That logic reduces to an absurd conjecture:
That: being so troubled over someone else's pain, you literally step into their shoes to spare them and take that pain on yourself - is somehow a selfish act.
In the sense that one enjoys the natural, built-in reward - the dopamine surge or whatever. But the term seems misplaced.
I'm not sure the term "self-serving" applies to helping others because one enjoys helping others.
For consideration: in any human attribute there is a range: In comparing people who more enjoy helping others and therefore put more time and effort into helping others, with those who less enjoy it and therefore put less time and effort into such endeavors, are we to conclude that the former are more "self-serving"?
That only those who do not enjoy helping others are capable of "true" altruism?
Note that in biology the term is used without reference to internal motivation or psychological reward.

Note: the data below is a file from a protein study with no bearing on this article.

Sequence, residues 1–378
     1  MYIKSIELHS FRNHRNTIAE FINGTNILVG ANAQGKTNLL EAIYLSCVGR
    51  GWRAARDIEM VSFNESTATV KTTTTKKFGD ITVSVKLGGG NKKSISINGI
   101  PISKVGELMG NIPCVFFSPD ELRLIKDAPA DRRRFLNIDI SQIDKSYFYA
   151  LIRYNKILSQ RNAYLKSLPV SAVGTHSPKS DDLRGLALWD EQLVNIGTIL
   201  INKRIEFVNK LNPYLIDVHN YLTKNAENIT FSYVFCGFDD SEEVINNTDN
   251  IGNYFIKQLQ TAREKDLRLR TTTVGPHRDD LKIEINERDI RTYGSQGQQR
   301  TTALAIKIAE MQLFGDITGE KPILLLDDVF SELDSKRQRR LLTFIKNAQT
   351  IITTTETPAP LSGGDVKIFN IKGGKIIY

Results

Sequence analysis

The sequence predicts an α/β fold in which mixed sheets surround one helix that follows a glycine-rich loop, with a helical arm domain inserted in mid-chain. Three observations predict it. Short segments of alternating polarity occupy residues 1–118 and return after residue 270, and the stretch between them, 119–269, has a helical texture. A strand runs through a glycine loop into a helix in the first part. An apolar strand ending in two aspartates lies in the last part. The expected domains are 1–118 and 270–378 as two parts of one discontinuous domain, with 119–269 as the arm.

Eradicating suffering seems to be a preoccupation for many. It gives them purpose and, if they succeed, gratification. There is reward in helping others. I'm not saying that's a bad thing. Feeling good because others feel good is of mutual benefit.
How is it not a selfish act? If your motivation is purely self-driven (being the alleviation of your troubles) then is this not the definition of a selfish act? It has the appearance of altruism, but is it not the motivation here that would suggest otherwise?
But to be clear: I'm not necessarily advocating the view I'm giving - really just exploring it. I'm not entirely sure what to think of altruism, whether it exists or not, and if it exists whether it is determined by motivation or outcome. Just offering up some alternative views to see what comes out.